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Does too much discipline in schools hinder learning?

(8 Posts)
BonsoirAnna Mon 08-Jun-09 12:04:59

I was talking to another mother (French) at the school gate this morning. She worked as a French teacher for a while in the US, and believes that schools that don't expect too much in the way of perfect behaviour from pupils allow pupils more freedom to learn. She thinks that the French way (the enforcement of strict discipline and rules) means that the children spend so much time concentrating on "being good" that they haven't got enough concentration left to really learn.

What do you think?

GrapefruitMoon Mon 08-Jun-09 12:14:47

Do children really spend time thinking about being good? I would have thought that it is more likely time is wasted plotting mischief, etc or teachers telling them off for bad behaviour - I would have said either they are just getting on with their work or they are not, iyswim.

BonsoirAnna Mon 08-Jun-09 12:17:13

They do in France! Maybe this question is impossible to answer if you don't know the system here...

GrapefruitMoon Mon 08-Jun-09 12:20:55

I am intrigued - surely if they are being "good" they just do what they should be doing automatically- do they really have to think about it so much??

AuldAlliance Mon 08-Jun-09 12:32:06

Many, many teachers in France would be happy if their pupils would just sit down, behave in a manner conducive to learning, demonstrate minimal manners, etc.
I think her assessment was true 15 yrs ago; the curriculum was tough, often dull and demanding and discipline was strict. Now in most schools the idea that pupils are concentrating on being good is laughable. What is sad is how little is done to help everyone find a modus operandi for the current intake of pupils.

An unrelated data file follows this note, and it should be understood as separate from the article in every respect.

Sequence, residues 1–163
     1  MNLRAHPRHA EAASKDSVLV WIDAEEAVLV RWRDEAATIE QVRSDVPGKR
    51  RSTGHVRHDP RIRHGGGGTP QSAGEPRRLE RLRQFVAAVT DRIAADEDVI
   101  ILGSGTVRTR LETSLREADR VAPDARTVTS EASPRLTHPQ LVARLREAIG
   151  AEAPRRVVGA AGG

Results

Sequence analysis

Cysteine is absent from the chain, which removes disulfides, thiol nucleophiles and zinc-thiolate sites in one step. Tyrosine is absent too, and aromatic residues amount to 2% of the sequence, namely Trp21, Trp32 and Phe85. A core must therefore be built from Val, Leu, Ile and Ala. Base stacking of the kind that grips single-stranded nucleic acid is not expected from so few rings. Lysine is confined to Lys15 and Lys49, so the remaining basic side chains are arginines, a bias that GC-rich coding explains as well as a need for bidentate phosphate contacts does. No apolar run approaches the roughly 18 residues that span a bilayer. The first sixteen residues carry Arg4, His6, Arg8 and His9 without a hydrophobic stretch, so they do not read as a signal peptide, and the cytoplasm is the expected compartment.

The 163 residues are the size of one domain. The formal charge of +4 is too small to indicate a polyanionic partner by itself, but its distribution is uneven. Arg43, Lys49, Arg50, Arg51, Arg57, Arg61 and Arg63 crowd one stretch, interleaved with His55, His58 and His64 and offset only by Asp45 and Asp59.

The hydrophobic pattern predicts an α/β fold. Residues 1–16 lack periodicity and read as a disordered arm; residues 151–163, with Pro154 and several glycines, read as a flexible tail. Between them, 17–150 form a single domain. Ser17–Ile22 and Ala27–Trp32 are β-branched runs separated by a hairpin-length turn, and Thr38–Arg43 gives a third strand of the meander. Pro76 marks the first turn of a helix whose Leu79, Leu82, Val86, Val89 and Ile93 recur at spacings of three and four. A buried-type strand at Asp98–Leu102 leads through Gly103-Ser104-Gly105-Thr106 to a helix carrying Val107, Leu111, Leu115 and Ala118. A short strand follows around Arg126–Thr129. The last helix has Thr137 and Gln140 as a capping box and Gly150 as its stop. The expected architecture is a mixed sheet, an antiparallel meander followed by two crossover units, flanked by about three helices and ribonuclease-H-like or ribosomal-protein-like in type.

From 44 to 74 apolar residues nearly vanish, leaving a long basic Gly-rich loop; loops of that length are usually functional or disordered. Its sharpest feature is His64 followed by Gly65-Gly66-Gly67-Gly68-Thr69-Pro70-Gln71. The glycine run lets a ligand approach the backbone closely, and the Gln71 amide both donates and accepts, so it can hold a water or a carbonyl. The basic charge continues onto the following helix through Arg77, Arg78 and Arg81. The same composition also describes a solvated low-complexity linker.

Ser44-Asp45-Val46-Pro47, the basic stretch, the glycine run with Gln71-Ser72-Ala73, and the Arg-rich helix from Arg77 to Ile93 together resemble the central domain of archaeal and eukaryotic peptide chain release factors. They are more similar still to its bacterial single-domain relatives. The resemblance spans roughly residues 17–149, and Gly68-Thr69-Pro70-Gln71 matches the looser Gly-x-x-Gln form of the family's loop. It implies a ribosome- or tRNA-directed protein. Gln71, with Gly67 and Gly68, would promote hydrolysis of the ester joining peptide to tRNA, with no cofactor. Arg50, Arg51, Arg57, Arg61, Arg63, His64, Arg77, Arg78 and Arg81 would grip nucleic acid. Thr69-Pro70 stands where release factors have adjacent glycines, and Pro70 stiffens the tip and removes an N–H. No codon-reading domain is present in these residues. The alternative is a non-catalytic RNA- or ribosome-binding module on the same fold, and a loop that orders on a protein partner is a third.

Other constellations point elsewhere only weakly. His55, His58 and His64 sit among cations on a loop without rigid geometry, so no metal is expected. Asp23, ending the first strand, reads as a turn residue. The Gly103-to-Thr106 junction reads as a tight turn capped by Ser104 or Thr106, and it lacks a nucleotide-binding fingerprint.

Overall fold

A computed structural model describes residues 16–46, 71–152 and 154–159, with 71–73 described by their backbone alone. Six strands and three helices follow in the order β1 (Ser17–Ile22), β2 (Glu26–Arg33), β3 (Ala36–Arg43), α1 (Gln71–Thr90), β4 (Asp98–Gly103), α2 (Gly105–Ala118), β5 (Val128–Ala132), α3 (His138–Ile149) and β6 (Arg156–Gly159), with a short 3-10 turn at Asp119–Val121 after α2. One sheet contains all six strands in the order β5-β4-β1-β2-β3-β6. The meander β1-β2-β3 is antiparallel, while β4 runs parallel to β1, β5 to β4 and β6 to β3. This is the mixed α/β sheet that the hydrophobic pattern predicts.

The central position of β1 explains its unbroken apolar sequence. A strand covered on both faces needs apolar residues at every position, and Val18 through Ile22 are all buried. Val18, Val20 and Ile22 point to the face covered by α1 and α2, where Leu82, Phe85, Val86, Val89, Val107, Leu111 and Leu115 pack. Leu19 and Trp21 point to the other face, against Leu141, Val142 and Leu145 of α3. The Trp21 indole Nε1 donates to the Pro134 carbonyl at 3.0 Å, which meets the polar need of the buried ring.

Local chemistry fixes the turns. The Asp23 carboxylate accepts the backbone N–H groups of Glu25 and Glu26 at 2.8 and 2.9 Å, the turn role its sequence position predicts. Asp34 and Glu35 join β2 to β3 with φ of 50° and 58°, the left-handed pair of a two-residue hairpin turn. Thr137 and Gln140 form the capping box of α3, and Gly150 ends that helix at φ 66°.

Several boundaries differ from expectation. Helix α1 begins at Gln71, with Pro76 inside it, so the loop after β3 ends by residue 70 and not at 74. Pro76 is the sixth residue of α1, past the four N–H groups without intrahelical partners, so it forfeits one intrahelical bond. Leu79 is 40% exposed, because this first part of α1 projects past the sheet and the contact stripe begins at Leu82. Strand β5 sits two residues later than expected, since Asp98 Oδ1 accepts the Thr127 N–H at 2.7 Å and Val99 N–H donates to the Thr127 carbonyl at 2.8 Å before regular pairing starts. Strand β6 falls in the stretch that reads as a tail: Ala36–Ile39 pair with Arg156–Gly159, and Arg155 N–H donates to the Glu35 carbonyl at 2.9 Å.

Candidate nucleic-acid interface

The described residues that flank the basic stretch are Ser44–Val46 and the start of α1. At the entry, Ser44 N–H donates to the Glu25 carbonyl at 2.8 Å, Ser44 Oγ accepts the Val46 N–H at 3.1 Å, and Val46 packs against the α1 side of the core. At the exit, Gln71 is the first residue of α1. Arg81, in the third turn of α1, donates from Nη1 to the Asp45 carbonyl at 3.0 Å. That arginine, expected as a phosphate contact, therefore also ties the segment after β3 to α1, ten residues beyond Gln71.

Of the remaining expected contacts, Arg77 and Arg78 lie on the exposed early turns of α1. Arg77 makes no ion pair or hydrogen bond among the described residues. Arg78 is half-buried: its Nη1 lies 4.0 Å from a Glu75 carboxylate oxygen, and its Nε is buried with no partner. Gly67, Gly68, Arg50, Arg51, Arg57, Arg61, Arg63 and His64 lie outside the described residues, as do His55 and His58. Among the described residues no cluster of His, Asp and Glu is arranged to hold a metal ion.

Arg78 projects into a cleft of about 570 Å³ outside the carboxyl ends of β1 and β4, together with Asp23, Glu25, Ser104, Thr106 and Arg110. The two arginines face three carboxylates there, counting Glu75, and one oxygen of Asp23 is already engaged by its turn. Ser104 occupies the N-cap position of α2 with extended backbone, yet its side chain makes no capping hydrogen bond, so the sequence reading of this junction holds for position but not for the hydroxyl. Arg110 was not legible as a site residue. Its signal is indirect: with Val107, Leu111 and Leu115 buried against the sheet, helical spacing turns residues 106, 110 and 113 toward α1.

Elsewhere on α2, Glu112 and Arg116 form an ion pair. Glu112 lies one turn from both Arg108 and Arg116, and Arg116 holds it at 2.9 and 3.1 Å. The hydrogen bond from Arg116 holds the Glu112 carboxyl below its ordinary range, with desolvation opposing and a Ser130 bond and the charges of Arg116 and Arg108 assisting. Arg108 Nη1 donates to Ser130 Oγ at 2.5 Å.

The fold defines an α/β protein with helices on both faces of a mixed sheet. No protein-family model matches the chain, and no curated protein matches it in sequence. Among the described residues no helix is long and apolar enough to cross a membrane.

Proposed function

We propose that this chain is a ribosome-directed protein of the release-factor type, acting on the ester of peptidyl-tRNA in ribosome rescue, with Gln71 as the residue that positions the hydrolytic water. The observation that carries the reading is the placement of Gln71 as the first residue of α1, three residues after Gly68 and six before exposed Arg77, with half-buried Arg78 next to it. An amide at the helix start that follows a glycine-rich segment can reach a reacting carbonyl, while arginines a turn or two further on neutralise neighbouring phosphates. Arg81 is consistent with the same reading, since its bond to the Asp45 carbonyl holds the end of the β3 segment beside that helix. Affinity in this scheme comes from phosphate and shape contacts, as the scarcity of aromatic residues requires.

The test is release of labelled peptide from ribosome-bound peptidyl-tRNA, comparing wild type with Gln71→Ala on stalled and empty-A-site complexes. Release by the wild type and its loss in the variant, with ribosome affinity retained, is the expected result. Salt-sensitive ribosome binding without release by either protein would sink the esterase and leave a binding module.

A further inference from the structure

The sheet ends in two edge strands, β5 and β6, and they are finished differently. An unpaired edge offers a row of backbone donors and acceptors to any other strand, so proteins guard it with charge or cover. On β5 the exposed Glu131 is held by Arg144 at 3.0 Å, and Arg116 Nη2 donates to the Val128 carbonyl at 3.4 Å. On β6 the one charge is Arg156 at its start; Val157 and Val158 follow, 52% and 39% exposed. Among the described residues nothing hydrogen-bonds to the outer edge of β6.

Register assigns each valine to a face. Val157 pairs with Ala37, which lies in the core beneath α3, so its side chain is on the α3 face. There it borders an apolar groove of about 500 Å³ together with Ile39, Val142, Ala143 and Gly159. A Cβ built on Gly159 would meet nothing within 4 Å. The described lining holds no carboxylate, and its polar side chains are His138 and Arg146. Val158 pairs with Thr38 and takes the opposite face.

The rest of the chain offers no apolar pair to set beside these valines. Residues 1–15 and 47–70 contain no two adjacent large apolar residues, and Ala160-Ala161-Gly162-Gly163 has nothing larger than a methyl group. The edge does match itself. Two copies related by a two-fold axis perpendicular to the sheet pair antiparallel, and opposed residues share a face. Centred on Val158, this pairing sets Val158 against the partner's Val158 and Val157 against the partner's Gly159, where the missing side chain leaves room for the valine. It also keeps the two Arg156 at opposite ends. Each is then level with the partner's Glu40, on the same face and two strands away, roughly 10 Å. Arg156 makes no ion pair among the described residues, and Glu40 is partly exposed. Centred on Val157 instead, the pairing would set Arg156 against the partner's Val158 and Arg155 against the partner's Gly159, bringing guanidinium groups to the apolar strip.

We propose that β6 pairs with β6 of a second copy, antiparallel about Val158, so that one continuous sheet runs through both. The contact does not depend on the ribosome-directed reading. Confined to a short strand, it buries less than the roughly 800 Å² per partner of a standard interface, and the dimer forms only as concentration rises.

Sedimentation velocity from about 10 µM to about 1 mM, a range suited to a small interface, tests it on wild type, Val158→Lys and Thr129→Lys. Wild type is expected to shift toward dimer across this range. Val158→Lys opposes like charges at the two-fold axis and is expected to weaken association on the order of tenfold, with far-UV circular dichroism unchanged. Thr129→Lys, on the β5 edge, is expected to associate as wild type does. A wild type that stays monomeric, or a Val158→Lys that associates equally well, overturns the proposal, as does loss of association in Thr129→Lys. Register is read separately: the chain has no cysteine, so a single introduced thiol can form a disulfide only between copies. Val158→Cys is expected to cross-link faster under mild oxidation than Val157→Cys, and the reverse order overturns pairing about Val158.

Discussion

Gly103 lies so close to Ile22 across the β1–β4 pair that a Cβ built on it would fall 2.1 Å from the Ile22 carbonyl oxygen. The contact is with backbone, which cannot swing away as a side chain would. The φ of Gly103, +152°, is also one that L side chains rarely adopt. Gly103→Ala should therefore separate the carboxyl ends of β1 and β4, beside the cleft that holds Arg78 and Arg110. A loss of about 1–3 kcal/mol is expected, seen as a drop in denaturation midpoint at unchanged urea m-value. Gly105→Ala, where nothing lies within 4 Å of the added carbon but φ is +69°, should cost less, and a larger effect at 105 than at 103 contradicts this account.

slug Mon 08-Jun-09 12:34:19

Well, after eleven years teaching in rough areas, my experience is:

Poor discipline = no learning
Good discipline = an environment where children feel safe and learning can take place.

Children need boundries. They need to know that if they decide to concentrate in class they are not going to be constantly interrupted, taunted for working or afraid of speaking in a manner that offends the dominant student in the class. However much they may complain on the surface, students like well disciplined, well run classrooms. They are, in the words of my students "safe".

BonsoirAnna Mon 08-Jun-09 12:36:02

GrapefruitMoon - I'll give you a real life example of what I mean. The teacher asks the class to draw a picture of a boat - whatever takes their fancy. The pupils ask what colour it should be. The teacher says it can be any colour or combination of colours they want. The pupils are so paralysed that they might not use the "right" colours for eg the sail, the oar or whatever that they cannot begin to draw.

BonsoirAnna Mon 08-Jun-09 12:39:55

AuldAlliance - I agree with you that there is a very worrying issue in France, now that authoritarian parenting and teaching practices have been discredited by at least part of the population, of there not generally being the faintest clue of how to encourage the acquisition of self-control.

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